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These last couple of years have been fruitful ones for the Indian documentary. A number of local films have made the rounds of the global festival circuit and, unprecedentedly, found theatrical releases back home: Supermen Of Malegaon, Celluloid Man, Gulabi Gang, The World Before Her, Katiyabaaz. Many of these films were made by new directors, a trend that is reflected in the line-up for the “Made in India" section at the Toronto documentary festival HotDocs, which begins next week.

Of the six full-length films selected for the India focus, four are by first-time directors: Anuj Adlakha and Farha Alam’s Superstars Of Koti, Samarth Dixit and Jessica Sadana’s Prabhat Pheri, Saumyananda Sahi’s Small Things, Big Things and Abhay Kumar’s Placebo. Spandan Banerjee’s English India and Parvez Sharma’s Sinner In Mecca are the other full-length films; Udita Bhargava’s Imraan, c/o Carrom Club, Prita Chakraborthy’s Silent Voices and Hana Kitasei and Shriya Pilgaonkar’s Panchagavya) are the shorts that will be screened.

The country of origin may be the same, but the films differ dramatically in approach, philosophy and technique. The Superstars Of Koti follows a set of youngsters in a mountain town in Uttarakhand where a few chosen children are venerated as messengers of the local deity. Alam and Adlakha spent months getting their subjects used to the camera, which results in a raw intimacy and a Lord Of The Flies-like tension as the film progresses.

Over email, Alam says they would have “thought twice before applying if (HotDocs) didn’t have an India focus". Describing the selection as a “big, big boost", she says they were optimistic that this would open other doors for them.

Prabhat Pheri began as part of a documentary workshop. The idea was to make something on the ghosts that are said to haunt the Film and Television Institute of India (FTII) campus; both studied there. They eventually concentrated on a different kind of ghost: the Prabhat Film Company, which existed from 1929-53 and was responsible for some of the great early Indian films.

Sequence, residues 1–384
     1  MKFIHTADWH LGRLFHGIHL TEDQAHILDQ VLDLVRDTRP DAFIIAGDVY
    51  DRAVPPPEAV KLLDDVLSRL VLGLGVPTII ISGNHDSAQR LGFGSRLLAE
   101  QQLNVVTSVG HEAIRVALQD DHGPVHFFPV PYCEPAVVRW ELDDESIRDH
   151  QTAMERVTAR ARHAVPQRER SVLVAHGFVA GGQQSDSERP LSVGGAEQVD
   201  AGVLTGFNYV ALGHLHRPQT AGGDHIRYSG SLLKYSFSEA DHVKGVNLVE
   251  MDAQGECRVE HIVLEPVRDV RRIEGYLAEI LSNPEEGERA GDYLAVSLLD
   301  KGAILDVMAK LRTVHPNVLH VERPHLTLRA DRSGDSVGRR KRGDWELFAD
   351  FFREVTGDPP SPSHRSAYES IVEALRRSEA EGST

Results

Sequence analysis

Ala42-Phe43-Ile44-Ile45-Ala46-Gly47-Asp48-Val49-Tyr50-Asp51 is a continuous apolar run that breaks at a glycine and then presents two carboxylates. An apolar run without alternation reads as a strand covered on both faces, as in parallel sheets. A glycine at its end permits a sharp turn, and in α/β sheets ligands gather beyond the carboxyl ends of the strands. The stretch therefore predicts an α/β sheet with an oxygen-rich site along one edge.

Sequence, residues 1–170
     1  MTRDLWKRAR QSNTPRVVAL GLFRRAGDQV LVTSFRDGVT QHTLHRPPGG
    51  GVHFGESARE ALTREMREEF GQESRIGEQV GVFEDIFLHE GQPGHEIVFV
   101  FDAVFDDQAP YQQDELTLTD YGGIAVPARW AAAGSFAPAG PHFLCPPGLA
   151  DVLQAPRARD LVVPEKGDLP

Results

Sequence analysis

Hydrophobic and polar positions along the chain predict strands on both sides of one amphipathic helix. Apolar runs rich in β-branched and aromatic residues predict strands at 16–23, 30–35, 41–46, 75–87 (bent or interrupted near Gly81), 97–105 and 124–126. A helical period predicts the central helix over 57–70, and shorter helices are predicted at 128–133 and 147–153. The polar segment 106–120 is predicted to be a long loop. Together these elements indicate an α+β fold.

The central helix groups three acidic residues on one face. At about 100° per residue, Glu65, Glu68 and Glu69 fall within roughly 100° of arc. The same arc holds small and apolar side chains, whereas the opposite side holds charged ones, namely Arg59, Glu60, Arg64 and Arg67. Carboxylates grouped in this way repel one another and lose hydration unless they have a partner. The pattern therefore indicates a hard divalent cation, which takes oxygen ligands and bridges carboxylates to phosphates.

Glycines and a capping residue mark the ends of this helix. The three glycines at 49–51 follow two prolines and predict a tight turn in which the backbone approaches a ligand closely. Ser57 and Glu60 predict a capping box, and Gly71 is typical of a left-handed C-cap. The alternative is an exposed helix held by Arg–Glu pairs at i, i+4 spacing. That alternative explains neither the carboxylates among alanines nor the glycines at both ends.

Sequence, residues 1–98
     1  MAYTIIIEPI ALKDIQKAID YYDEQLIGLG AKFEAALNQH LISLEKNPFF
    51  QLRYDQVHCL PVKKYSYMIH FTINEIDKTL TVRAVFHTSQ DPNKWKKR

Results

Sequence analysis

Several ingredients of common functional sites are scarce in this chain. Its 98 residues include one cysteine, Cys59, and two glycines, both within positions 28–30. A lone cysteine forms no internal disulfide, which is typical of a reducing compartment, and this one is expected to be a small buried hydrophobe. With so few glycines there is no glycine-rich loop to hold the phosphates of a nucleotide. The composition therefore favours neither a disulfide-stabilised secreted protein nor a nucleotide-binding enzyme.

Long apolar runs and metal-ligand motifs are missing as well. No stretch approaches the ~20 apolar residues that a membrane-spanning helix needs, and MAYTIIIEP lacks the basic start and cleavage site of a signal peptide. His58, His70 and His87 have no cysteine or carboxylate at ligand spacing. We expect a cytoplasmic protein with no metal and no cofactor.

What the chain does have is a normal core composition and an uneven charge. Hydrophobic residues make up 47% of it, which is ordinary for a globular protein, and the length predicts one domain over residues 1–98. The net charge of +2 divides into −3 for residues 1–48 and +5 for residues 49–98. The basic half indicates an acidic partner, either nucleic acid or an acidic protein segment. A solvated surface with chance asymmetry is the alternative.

Prabhat Pheri examines the legacy of the once-famous studio (whose grounds were later occupied by the FTII campus) from various angles—via film footage and photographs, eyewitness accounts, and through the prism of current events. The film had its premiere at the Berlinale last year. “I didn’t know how big HotDocs was until the film got selected," Sadana says. “From Berlinale to this—we really couldn’t ask for anything more."

Abhay Kumar’s unhinged-looking Placebo has already travelled to DocPoint, Helsinki, Finland, and the International Documentary Film Festival Amsterdam, the Netherlands. Set in “India’s most prestigious medical school", the film investigates how students there are cracking under the immense stress of familial and academic expectations.

A Sinner In Mecca deals with similarly provocative material. The openly gay Sharma travelled to Saudi Arabia for the Haj, documenting his journey on an iPhone and two small cameras (street photography is outlawed in the country). English India, which looks at our relationship with the English language, will also show at the festival, as will Small Things, Big Things, about a primary school in rural Karnataka.

With limited slots on offer for documentary releases, it’s unlikely that many of these films will land up on Indian screens. Sadana, for one, says they are more optimistic about the option of paid online streaming than a theatrical release. Either way, a good showing at Toronto certainly wouldn’t hurt.

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